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Vigorous minimum wage debate expected in Minnesota legislature
Living on $6.15/hour is tough, but at some of Minnesota's smallest businesses, that is the minimum wage under state exemptions, making Minnesota one of only four states that have a minimum wage lower than the federal rate. For the vast majority of companies, the minimum wage $7.25/hour, which is still nearly impossible to live on.
To address these shortcomings, both the Minnesota Senate and House have introduced bills to raise the state's minimum wage. Two of them (H.F. 92 and S.F. 3) increases the minimum wage to $7.50/hour, and links it to inflation. The other House bill (H.F 10) goes above and beyond, all the way to $9.38/hour. It also links the future minimum wage to inflation.
The minimum wage battle, both nationally and locally, has been hard fought since its inception in the 1960’s. Minnesota last raised the rate in 2005. By most accounts, minimum wage should be around $8 to $10 had it kept pace with inflation.
For progressives, these bills are a welcome sign. But there is significant opposition coming from some business groups and their members. The Minnesota state director of the National Federation of Independent Business, in an MPR interview, cites the most commonly-heard objections. Employers will have to cut jobs in the face of higher labor costs, and that many of the employees earning minimum wage are not the family breadwinner. Some business groups also worry about the uncertainty of their future wage liability if the rate is tied to inflation.
Those are far-reaching claims. But for public policies like minimum wage, the results are more nuanced. Alan Krueger, the current chair of the Council of Economic Advisers, authored a widely-cited and well-known study of minimum wage in the early 90’s. His conclusion: Raising the minimum wage does not cause firings, like some business groups allege. The theory is that with a higher minimum wage, employees are slightly less likely to quit and less money will go into training new employees.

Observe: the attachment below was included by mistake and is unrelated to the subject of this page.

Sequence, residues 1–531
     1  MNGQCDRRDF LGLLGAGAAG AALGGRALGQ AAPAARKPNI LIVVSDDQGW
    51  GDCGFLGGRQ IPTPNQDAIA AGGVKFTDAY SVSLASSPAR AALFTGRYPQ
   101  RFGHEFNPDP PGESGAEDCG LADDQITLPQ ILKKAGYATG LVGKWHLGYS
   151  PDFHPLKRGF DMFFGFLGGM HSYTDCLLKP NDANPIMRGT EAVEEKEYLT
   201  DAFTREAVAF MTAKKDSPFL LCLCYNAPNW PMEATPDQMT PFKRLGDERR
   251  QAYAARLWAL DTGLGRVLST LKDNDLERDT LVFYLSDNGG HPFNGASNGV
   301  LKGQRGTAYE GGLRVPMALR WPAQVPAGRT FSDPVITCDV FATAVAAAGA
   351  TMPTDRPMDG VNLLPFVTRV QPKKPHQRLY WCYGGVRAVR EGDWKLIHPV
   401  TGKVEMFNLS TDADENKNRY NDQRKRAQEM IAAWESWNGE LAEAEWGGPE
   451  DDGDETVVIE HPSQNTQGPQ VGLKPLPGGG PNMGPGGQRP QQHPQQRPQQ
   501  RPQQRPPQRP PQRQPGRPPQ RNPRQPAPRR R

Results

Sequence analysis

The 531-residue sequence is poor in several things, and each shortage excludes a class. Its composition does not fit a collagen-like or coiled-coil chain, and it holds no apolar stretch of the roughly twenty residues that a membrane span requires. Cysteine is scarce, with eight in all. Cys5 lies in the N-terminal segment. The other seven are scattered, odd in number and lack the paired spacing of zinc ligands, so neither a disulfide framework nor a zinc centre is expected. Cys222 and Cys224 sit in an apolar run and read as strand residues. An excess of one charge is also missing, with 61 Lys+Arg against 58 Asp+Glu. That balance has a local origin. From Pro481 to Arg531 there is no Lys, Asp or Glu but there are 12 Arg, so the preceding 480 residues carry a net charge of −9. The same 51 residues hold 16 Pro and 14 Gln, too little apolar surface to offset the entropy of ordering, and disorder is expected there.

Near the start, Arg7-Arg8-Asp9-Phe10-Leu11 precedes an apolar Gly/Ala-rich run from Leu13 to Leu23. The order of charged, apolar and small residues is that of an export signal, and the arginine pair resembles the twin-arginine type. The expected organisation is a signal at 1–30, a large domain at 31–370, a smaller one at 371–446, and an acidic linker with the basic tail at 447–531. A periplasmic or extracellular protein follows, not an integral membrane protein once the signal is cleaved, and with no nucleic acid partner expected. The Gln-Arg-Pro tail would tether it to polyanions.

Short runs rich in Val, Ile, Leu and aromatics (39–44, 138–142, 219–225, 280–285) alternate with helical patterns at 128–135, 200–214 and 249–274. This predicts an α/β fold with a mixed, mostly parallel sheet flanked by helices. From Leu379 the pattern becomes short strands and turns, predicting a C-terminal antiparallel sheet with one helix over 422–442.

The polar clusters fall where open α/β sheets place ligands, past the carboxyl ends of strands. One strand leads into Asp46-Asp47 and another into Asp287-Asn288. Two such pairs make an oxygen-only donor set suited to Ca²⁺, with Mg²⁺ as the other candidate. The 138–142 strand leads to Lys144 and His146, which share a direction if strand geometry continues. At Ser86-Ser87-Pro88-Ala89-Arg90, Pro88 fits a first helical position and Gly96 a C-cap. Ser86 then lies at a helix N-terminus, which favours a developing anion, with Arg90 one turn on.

There are other confounding factors to add to the debate as well. Minimum wage earners are more likely than their wealthier counterparts to spend any additional dollar they take home. That money will quickly enter the economy when they spend more on food, rent, or clothing. It’s significant that businesses all around Minnesota will be the ones receiving that additional spending. Business will be paying out more, but they will also be able to sell more.
The moral component of the minimum wage debate shouldn’t be ignored either. Does our state really think it is appropriate to let some Minnesotans not earn enough to stay out of poverty? Should inflation (however low it may be) silently give minimum wage earners pay cuts? Those questions become more prescient in a time when the social safety net is also being targeted by many politicians.
The minimum wage debate will be prominent during this legislative session because of the strong opinions it evokes. But in this debate, it is worth taking a step back, analyzing the available knowledge, understanding the law’s impact on all stakeholders – businesses, minimum wage earners, and the whole of Minnesota.